News at WilmU

Delaware’s Principal of the Year

Melissa Brady

Wilmington University alumna Melissa Brady seemed predestined to be a teacher. After all, it was in her blood: her mother, two aunts, and her maternal grandfather all were educators. 

Surprisingly, her mother, Denise Schwartz, who has a master’s in School Leadership from WilmU and was a teacher and administrator in the Christina School District for many years, tried to steer her daughter away from a career in education.

“She knew the amount of work was a lot, and she wanted to make sure that I really had my heart in the right place,” Brady says.

Fortunately, after a brief detour into banking, Brady followed her heart, and 20 years after entering the profession, she has been named Delaware’s National Distinguished Principal for 2023 by the National Association of Elementary School Principals (NAESP). Established in 1984, the National Distinguished Principals program recognizes elementary and middle-level principals who set high standards for instruction, student achievement, character, and climate for the students, families, and staff in their communities. The honorees are selected by NAESP state affiliates and committees representing private and overseas schools.

The principal at Linden Hill Elementary School in suburban Wilmington, Brady has worked in Red Clay Consolidated School District for the past eight years. Under her leadership, Linden Hill became a National Blue Ribbon School for 2022.

Brady graduated from Newark High School, where she was a cheerleader, a member of student government, and an Ambassador at the annual Blue-Gold All-Star football game. After high school, she initially heeded her mother’s advice and majored in Criminal Justice and Spanish at the University of Delaware, graduating in 1999. 

She spent three years with First USA Bank before pivoting to her true calling and enrolling at Wilmington University. “First USA was so supportive of me going back to school for Education that they allowed me to continue working until I began student teaching,” she says.

Brady chose to pursue her master’s at WilmU because of its reputation for turning out educators. “Also,” she says, “as a young professional, I needed a school that offered evening classes that worked with my schedule.”

“I loved my time at WilmU. . . . It was the first time I felt really, really good at something. And I found an amazing network of people. It felt like a family.” 

— Melissa Brady

She enrolled in 2002 and received her master’s in Elementary Education in 2004. Later, she earned School Leadership/Principal Certification from the University.

“I loved my time at WilmU,” Brady says. “I always tell people my experience as an undergrad was to grow up. I was in a sorority, and I learned to be independent. But my true college experience started when I got my master’s. It was the first time I felt really, really good at something. And I found an amazing network of people. It felt like a family. We went through it together and it’s a group that I am still friends with to this day.”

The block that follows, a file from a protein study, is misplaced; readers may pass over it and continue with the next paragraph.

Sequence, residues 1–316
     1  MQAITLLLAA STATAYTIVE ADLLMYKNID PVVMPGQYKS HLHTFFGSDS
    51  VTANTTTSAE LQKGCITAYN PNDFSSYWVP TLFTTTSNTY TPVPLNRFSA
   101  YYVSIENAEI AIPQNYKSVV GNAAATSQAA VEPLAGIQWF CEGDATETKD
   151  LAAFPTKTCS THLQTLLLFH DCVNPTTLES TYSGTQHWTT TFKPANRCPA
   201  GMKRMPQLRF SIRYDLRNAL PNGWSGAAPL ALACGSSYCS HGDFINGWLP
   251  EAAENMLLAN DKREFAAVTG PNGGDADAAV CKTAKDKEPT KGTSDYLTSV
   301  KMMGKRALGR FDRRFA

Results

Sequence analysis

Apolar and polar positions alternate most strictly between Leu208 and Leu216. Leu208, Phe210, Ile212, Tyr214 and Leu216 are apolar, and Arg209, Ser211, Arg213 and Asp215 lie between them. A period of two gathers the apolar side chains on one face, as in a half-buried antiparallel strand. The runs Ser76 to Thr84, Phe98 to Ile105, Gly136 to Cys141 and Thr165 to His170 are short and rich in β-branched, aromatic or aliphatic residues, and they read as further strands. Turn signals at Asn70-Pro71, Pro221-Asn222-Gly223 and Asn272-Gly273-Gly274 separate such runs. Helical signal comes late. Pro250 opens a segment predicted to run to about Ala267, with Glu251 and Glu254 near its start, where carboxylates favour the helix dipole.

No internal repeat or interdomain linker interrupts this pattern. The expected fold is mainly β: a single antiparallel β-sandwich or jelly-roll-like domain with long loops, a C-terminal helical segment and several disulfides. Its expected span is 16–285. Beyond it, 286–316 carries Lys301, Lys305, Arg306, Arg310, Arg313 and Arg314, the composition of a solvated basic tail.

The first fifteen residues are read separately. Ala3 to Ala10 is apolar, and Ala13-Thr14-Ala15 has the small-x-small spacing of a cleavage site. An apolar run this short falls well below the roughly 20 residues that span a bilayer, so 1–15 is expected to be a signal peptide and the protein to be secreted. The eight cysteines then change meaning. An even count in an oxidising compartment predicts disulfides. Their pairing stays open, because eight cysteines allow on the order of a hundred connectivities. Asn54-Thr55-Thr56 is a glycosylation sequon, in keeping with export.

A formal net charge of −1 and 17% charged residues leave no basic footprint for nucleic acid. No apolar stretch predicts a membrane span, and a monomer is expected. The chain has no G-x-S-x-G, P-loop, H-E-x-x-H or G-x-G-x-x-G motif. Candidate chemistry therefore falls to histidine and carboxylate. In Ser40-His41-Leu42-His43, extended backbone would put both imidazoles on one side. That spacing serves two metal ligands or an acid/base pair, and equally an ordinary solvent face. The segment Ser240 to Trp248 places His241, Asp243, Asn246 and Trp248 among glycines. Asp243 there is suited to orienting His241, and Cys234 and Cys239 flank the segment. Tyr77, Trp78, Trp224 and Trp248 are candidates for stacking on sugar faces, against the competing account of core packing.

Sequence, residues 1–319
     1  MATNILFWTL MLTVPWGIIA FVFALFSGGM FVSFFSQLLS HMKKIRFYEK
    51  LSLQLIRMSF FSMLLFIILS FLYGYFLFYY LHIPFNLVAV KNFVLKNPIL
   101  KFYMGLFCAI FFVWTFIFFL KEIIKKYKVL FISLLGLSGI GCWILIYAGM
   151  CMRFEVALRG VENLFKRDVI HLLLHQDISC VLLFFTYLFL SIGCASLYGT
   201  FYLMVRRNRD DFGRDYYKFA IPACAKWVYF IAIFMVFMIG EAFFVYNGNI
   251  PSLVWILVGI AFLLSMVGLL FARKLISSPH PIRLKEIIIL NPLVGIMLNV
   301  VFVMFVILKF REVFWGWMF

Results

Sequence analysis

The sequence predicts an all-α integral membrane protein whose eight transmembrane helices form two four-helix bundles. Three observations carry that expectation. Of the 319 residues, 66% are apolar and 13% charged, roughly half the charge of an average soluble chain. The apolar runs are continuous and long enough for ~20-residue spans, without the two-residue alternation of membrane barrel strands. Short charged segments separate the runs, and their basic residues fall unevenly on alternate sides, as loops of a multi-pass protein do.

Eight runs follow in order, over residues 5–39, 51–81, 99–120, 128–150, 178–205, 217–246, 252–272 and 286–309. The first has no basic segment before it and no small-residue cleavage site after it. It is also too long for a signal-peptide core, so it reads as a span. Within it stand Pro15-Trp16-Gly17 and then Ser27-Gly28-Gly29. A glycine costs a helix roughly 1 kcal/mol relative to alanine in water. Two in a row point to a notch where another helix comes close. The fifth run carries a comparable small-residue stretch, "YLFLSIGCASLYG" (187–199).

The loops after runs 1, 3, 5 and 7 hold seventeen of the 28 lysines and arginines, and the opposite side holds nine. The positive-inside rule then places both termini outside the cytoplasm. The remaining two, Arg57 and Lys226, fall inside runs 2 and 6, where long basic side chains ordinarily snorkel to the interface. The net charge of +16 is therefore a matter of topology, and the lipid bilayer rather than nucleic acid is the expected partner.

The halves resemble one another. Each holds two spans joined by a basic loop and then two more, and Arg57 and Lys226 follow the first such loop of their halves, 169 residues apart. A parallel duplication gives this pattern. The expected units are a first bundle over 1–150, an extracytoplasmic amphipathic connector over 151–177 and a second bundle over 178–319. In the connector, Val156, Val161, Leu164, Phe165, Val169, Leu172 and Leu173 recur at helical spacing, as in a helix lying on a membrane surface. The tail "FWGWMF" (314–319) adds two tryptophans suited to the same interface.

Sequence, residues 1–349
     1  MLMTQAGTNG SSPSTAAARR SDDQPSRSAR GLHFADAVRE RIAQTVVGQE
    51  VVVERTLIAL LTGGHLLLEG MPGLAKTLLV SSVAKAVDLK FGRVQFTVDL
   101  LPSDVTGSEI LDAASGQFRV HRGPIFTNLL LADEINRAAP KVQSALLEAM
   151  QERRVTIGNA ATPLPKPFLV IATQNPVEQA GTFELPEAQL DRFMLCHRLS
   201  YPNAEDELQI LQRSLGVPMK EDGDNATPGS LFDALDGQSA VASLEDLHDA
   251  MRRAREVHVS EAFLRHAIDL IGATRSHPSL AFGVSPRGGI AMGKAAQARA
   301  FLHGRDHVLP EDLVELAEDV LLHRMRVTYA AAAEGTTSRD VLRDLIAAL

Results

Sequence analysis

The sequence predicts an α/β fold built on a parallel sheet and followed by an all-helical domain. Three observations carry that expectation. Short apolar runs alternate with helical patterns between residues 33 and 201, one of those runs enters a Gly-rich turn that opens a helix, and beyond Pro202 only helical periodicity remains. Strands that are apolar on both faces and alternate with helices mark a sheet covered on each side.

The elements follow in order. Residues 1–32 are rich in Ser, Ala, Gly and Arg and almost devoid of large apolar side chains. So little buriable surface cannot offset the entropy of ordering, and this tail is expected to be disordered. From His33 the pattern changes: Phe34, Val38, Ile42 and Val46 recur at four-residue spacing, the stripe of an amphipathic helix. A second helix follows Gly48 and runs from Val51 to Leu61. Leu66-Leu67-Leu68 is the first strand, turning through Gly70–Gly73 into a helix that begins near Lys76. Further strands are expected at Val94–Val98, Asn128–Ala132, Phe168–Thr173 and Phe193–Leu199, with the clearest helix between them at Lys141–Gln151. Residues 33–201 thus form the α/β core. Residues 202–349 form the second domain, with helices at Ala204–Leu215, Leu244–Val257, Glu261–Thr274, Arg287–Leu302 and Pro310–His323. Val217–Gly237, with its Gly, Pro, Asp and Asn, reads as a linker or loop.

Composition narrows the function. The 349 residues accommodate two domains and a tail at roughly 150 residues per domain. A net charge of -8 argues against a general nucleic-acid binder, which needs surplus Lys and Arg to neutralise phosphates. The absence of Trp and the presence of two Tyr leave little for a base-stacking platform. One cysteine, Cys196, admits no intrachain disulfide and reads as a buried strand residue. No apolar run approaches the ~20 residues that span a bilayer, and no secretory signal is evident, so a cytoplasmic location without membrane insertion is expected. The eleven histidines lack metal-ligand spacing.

Brady, her husband, and her daughter — a junior at McKean High School — live in the Linden Hill feeder pattern, and she enjoys encountering her students and their parents away from school, whether she’s walking the family dog in the neighborhood or shopping at the supermarket. She says the community — including the PTA — has been very supportive of the school. 

She credits her staff — which totals 75, including custodial and cafeteria personnel — for the school’s success. “Our staff is so resilient,” she says, “and they put the kids first. Our motto is ‘love, lead, and learn,’ and we do that every day.”

In presenting her award, Dorrell Green, superintendent of Red Clay Schools, said the honor “is a testament to her dedication, leadership, and unwavering commitment to our school and community. We are fortunate to have such an exceptional leader guiding our school to excellence.”

Brady calls her six years at Linden Hill Elementary “a wonderful experience.”

“I enjoy seeing students when they’re excelling,” she says, “and I know that they are our future leaders. I’m energized by the resilience of children, and I’m inspired by the staff that come in and do — and I know I’m biased — what I consider the hardest work on the planet. I understand we’re not curing cancer, but we are teaching the children who will. And we don’t take that responsibility lightly.”

—Bob Yearick

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